Friday, 18 January 2013

Friday at the Flicks - Apple Lovers - Fieldfare

Confession time - I am now pretty sure that what I saw on the bird table a few days ago was not a Fieldfare but a female Blackbird like this one enjoying apple when the Starlings stopped barging in:




But - to make up for things - a lovely surprise this morning. A genuine Fieldfare spent hours under the Birdy Bistro defending and eating the apple it had found. It was alone so I guess it had been blow a bit off course as they usually arrive in flocks.

Fieldfare in the Garden     Fieldfare in the Garden

This one was obviously very hungry and vigorously chased off any Blackbird which got too close. Shirl (Shirl's Gardenwatch) wondered whether I would manage to capture any video - here it is, taken this morning:



Have a great weekend observing the wildlife around you.

14 comments:

  1. Superb John.
    I have never seen a lone Field Fare. Good job you fed it.
    Hedge rows are so important and so is planting sunflower. Tell your local farmers. Not that there will be many. Farms are run from London by holding companies more often than not.

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  2. Unfortunately Adrian I don't think I will see that Fieldfare again. Didn't see any action but a pile of grey feathers, a red patch in the snow and a missing bird tells the story.
    Far too many hedges are flailed round here.

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  3. It's been a few years since I had Fieldfares in the garden John. Lovely birds.

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    1. They are Keith. I think this is the first time one has landed in my garden.

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  4. No mistaking that one John, well done! But oh dear! I've just seen your remark to Adrian :-( Lovely video and photos! In your defence (and mine) it was a little difficult to tell in the earlier photo.

    We have had snow falling since about 5pm yesterday! It has become disruptive now.

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    1. Yes Jan. Easy to tell the difference when they are both in view at the same time.

      Only a couple of mm of snow at daybreak and some fine snow falling these past two hours.

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  5. they sure are pretty with their speckled chests.

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  6. Lovely shots John - I've never managed to get close enough to fieldfares for a decent picture... must put some apples out!

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    1. Thank you Phil. I was lucky it was only a few feet from the kitchen window. It's taken a couple of weeks putting out an apple or two each day to get the close view I hoped for. Also there seems to be a lack of windfalls nearby this year so the birds don't have a wide choice.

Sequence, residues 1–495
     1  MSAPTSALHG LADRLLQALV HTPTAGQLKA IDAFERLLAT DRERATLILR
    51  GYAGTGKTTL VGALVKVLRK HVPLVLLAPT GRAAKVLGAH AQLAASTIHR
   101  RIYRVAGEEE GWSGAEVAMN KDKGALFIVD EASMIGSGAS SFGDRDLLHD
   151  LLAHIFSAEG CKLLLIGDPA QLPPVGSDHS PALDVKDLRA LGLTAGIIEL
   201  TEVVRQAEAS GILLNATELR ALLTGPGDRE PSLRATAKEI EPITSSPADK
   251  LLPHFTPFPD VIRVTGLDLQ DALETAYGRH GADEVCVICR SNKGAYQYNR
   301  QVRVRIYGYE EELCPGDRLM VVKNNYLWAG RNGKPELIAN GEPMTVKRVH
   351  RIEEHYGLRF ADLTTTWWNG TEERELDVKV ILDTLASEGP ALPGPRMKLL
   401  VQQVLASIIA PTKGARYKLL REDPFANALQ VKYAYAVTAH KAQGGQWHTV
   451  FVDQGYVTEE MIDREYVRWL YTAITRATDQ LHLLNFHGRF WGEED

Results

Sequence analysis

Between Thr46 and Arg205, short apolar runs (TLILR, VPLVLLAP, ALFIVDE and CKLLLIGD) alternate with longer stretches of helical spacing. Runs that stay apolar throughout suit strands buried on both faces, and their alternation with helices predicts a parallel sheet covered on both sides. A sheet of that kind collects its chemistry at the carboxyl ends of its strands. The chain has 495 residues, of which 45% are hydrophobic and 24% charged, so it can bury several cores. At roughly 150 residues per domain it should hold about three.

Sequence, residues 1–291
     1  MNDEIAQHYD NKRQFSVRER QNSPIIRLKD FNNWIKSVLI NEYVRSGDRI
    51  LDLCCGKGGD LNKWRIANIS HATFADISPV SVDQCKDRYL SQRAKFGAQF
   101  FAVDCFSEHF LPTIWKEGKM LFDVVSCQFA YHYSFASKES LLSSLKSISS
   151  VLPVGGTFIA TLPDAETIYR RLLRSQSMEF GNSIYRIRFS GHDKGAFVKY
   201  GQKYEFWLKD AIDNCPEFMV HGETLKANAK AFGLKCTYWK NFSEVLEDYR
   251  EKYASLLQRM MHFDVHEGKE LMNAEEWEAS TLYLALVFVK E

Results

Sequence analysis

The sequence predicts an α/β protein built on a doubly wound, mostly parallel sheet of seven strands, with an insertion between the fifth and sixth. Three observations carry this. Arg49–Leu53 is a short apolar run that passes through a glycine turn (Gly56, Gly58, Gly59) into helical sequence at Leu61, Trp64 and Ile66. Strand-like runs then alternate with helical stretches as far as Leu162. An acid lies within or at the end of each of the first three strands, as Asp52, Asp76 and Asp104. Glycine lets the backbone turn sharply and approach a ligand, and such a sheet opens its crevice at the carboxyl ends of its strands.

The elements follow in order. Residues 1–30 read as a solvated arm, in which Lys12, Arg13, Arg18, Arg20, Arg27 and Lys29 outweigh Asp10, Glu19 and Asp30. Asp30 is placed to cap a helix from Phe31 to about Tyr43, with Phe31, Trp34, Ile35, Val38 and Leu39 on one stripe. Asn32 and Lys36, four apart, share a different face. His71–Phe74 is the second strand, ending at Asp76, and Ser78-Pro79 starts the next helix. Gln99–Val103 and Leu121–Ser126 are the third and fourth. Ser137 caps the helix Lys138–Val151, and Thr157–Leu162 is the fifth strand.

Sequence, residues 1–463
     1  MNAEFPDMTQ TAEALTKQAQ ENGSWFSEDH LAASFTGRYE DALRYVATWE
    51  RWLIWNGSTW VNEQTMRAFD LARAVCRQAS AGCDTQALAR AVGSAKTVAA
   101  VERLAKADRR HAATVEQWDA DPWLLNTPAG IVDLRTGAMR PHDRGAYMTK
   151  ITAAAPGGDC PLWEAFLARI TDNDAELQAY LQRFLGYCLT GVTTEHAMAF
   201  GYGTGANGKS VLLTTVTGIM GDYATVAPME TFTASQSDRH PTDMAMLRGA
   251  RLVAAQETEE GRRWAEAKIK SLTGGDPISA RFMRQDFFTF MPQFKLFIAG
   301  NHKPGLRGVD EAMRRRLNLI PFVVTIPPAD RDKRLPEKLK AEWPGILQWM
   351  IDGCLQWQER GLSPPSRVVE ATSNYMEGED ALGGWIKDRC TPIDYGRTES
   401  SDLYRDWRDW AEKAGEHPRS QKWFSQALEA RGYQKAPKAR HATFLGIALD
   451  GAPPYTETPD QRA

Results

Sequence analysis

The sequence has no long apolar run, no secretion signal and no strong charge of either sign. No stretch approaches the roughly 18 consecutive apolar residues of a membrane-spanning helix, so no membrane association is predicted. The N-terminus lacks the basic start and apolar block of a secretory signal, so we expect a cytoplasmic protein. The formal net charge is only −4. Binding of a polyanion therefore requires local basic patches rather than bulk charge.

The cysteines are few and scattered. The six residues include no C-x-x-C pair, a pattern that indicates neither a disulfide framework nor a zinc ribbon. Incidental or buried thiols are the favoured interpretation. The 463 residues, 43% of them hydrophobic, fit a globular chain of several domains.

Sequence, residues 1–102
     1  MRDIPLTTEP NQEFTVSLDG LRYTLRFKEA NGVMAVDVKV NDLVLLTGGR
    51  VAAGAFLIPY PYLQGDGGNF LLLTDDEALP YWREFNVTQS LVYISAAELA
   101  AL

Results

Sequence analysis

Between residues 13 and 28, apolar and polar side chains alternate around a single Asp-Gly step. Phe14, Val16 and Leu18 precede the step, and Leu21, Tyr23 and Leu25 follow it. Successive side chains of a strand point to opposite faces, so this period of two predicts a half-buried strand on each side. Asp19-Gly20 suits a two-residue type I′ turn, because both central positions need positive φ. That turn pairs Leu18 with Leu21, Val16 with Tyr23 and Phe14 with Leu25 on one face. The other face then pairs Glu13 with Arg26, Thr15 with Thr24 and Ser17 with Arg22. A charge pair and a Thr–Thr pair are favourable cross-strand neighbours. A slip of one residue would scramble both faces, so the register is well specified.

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  7. Hello again John, delighted to see you captured clear photos and video of your fieldfare visitor! Not so good if it has been a Sparrowhawk meal :-(

    Being honest, I had a slight reservation about your ID but as I wanted this to be the case I convinced myself you had a fieldfare on your bird table. As I said on my last comment, unlike Adrian, I have seen lone fieldfares here although they didn’t last long. Mm… I’m wondering if the lone ones all suffer the same fate.

    I’ll take a guess that you’ve had a bit more snow this evening. Our snow only started at around 5pm too and it was a very light dusting but it has continued albeit just light snow on and off. It’s always fun to see how high the snow gets by morning – we’ve had pretty deep snow up our way in previous years. It is strangely spooky to see the coverings in parts of England and Wales when we don’t have much here. The weather tables seem to be turning :-0

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    1. Looks like we have reached the end of the snow for now Shirl. Pretty at first but a real pain getting about when it gets compressed to ice.

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  8. We have seen single fieldfares and redwings when the weather has been bad. They come to our garden pond for water.

    Some of the brown blackbirds in our garden are juveniles that haven't yet developed full adult plumage but our young males already have the yellower beak.

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    1. The area of my pond where they drink is hard to see Sue but I know a lot of birds use it.

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Thank you for visiting. Hope you enjoyed the pictures. Any comment, or correction to any information or identification I get wrong, is most welcome. John

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